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Intensive care doctor reveals horrific consequences of COVID-19 pandemic

Published: (Updated: ) in Australian News by .

Those on the frontline of the coronavirus outbreak fear not just for their own lives, but those of their families as well.

An intensive care doctor says those on the frontline in Australia fear for their lives amid the COVID-19 outbreak. spoke to the doctor, who works in one of the country's leading hospitals, on the condition of anonymity.

But it was immediately clear that any optimism Australia will escape the worst of the pandemic isn't shared by some of those whose job it is to treat the worst affected.

LIVE UPDATES: Australian death toll rises

Like the firefighters who ran towards the World Trade Centre on September 11, medical staff are risking their own lives to fight coronavirus.

"I'm scared for my own safety when I look at countries that have thousands of people dying, and I wonder whether we should have access to better protective equipment," the doctor said.

"All I've got is a few pieces of fabric, with lots of gaps in between, to protect me, and my family, from possible death.

"I look at those countries and think 'oh my god'. Italy has got doctors dying and they're in space suits. What am I going to do?"

Much has been made of "flattening the curve" to ensure the hospital system can cope with the load.

But according to this doctor, his ICU runs at between 85 and 110 per cent of capacity in "normal" times, without any extra load from the COVID-19 pandemic.

"People forget what happens when the system gets overwhelmed. In that case people with conditions not related to COVID-19, who would have survived before, will now no longer survive," he said.

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"Patients with ruptured ulcers, or heart attacks, there'll be no-one to look after them. If you rupture your appendix, well sorry, all the intensive care units will be full with COVID-19 patients.

"So you're telling me I've got an elderly man coming in with septic shock from a burst appendix. I'm afraid he's going to die, so here's some morphine and we'll let his family hold his hand until he does."

The doctor said the flow-on effects from the pandemic would be devastating.

"I worry about the collateral damage," he said.

"People who would otherwise have recovered but didn't because there wasn't the capacity to help them."

The doctor also hit out at those who downplayed the risks the virus poses, and said 'mixed messages' from the government had contributed to that.

Doctors and healthcare workers in an Intensive Care Unit in Italy wear overalls and other protective equipment to prevent COVID-19 infection.

"The thing that made me so angry was people not taking it seriously," he said.

"Thinking it's only the elderly. That kids will be fine. No. Anyone can die from it.

"You're more likely to die in the higher age groups, but the facts were in Italy, most of the elderly weren't in intensive care. They were allowed to die. It was a case of, I'm sorry, you're over 75, so you don't get to go to intensive care."

The doctor said he was "livid" that the NRL and AFL tried to keep playing through the crisis, while images of people socialising in groups at the beach or the park left him in despair.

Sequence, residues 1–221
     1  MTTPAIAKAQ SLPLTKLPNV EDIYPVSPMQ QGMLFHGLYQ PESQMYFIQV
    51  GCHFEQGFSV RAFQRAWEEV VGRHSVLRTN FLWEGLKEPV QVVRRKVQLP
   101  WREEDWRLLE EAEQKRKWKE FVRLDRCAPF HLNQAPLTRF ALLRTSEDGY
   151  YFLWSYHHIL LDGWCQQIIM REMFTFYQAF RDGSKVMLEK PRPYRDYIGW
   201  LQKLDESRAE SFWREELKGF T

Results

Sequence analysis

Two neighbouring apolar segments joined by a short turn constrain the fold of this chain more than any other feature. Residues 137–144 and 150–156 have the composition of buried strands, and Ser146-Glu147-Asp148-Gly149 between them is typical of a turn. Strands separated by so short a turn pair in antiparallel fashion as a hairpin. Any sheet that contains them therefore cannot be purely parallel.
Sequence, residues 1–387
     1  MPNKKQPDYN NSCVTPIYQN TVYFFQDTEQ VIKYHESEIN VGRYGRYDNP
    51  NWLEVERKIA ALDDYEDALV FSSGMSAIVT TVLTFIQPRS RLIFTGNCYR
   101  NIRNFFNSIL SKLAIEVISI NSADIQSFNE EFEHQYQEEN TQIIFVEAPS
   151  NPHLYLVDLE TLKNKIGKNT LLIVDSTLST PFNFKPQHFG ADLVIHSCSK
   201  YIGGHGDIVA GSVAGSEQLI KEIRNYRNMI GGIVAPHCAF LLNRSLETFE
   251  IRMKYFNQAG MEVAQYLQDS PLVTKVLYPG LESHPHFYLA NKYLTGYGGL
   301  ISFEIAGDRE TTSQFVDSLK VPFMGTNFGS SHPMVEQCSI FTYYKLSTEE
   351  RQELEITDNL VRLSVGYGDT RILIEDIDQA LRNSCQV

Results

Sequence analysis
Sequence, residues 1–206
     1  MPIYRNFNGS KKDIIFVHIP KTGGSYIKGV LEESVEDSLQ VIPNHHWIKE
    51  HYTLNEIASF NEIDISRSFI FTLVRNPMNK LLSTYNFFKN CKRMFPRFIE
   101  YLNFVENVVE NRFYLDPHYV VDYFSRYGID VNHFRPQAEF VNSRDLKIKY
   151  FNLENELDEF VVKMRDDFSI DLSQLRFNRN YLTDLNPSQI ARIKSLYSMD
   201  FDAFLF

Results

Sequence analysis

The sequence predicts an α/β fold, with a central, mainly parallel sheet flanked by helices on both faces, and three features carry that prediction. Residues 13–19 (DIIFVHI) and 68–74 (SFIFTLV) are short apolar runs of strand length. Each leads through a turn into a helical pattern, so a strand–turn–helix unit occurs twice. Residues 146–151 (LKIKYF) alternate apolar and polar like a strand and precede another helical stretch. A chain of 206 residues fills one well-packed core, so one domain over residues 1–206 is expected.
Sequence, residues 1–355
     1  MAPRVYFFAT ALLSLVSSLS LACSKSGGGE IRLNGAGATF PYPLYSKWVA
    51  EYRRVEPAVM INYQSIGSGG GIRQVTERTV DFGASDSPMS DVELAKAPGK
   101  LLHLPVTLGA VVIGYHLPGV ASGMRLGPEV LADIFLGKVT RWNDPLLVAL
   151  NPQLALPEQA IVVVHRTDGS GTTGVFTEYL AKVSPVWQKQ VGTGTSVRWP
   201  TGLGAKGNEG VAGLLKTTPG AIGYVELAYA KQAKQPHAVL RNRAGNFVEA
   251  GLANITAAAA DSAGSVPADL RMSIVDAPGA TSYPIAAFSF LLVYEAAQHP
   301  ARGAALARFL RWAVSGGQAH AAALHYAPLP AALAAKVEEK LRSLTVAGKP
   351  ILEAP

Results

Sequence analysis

"Those people at the beach and the park, they don't take it seriously enough," he said with a heavy sigh.

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Police at Maroubra beach, After opening the Beach for a couple of hours it was once again closed. Coronavirus COVID-19 pandemic.

"They just don't. That's part of the charm of Australia, but it's not going to help us.

"If everyone had faith in a message coming from a central, reliable source, they'd go along with it."

The doctor said comparing COVID-19 to the seasonal flu was naïve.

"To say it's just the flu is the height of delusion," he said.

"People are cherry-picking the numbers. Yes, there were 35,000 deaths last year from the flu, but what they don't realise is there is a vaccine.

"Coronavirus is actually far more contagious than swine flu. The entire population seems to have no underlying immune response to it. We've seen in the past, entire civilisations wiped out through disease. This is on that kind of scale.

Beachgoers flouting health guidelines at St Kilda Beach.

"The people spouting ridiculous statements that this is just the flu, are fundamentally unqualified to make that statement."

According to this doctor, those on the frontline feel like they've been taken for granted.

"We're scared for our lives, and we're scared for the lives of our families. We're seeing it overseas right now. Health care workers are dying," he said.

"The thing that's surprised me is the constant proclamations that medical advice is being listened to. If they'd spoken to anyone on the frontline, the answer a month ago would have been 'lock us the hell down'.

"To say you're not infectious until you have symptoms, that's rubbish. You don't get to a critical point in the viral count with the snap of a finger. It's been building up for a few days, and at some point your bodily fluids are teeming with the virus before you're symptomatic.

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"I want to be optimistic and hope we don't get overwhelmed, but nothing I've seen so far gives me any confidence it won't happen."

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Source: 9News

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